Does the Christian purity message (or as I tend to describe it ‘purity’) harm girls and young women? I’ve been concerned for a while that it does. The message is one that, in many ways, equates a person’s value with her behavior – and strongly suggests that premarital sex is the worst sin, the one that can ruin a person’s worth.
I know from writing about marriage and talking with other marriage bloggers that many women have a very hard time overcoming this teaching, as well as the message that sex is “bad” until you’re married, and then it magically becomes “good.” Many women simply can’t make that transition.
This isn’t to say that we shouldn’t talk to our children about sex and marriage and set standards and expectations for them. We should. But that’s not the message that many young people (especially girls and young women) are getting from the church. The message they’re getting is, “If you do it, you’re ruined.” And that’s a lie.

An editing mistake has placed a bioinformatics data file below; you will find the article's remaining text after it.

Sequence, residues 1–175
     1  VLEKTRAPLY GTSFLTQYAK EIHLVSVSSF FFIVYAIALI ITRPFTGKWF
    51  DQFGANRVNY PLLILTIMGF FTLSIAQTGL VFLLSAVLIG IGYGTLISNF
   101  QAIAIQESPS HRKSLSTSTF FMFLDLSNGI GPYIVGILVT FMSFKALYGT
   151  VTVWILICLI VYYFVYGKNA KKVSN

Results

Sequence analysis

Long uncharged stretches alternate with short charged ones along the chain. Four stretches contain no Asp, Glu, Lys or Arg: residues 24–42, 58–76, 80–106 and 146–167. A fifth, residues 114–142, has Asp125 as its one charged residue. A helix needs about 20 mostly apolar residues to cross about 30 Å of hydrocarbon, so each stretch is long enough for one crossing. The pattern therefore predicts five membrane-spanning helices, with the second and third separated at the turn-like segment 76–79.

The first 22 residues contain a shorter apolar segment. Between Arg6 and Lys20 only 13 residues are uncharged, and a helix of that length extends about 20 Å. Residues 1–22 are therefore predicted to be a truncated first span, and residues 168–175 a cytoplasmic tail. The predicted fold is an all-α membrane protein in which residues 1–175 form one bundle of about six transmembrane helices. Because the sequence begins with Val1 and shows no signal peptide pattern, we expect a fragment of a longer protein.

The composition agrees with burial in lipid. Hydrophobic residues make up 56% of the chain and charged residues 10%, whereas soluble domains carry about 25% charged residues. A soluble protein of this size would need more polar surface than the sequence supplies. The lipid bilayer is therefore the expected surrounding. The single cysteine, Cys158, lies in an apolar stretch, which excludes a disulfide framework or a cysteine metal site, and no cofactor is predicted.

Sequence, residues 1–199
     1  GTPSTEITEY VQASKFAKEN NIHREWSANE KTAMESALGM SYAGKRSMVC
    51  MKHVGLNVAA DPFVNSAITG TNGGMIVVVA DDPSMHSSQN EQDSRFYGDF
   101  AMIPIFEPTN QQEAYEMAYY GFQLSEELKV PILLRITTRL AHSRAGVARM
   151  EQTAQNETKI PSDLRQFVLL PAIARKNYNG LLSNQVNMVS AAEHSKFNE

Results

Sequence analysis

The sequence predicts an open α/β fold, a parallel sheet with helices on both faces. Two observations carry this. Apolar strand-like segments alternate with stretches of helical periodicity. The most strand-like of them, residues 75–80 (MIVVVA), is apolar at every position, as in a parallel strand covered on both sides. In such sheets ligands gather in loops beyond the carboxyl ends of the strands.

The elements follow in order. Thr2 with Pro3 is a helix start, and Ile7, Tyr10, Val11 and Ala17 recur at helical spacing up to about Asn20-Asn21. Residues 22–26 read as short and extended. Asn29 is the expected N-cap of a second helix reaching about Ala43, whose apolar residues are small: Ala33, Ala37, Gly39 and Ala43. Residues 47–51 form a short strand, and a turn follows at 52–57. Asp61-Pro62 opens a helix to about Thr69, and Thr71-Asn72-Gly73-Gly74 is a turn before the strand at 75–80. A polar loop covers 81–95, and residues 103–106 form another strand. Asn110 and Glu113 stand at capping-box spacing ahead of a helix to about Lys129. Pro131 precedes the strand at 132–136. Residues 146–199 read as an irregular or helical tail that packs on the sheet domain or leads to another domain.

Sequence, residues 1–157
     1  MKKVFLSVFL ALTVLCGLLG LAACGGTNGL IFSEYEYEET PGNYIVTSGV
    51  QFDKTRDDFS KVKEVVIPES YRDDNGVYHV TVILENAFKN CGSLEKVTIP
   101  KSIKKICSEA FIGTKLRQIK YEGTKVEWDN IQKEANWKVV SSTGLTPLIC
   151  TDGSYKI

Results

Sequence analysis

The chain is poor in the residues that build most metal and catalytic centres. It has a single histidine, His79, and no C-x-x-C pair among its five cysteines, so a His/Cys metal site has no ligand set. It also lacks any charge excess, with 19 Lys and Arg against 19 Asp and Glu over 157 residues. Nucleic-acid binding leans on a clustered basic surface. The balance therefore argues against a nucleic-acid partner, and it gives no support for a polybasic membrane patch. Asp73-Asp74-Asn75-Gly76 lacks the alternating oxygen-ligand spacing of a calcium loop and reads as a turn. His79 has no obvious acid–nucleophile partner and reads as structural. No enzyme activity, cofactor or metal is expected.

So I was happy to find this short video from Katie Gregoire, daughter of Sheila Gregoire, author of To Love, Honor and Vacuum. Katie was raised in the church and she’s heard all of the messages. But she also was raised by parents who value sex and intimacy in marriage. And I think that she’s spot on in her understanding of the damage caused by the Christian purity message, and in developing her own understanding of the value of sex and intimacy – and why she plans to wait until marriage. (Hint – it has to do with Jesus, not with her own efforts to be “pure!”)
I’d love for you to check out the video and let me know what you think.
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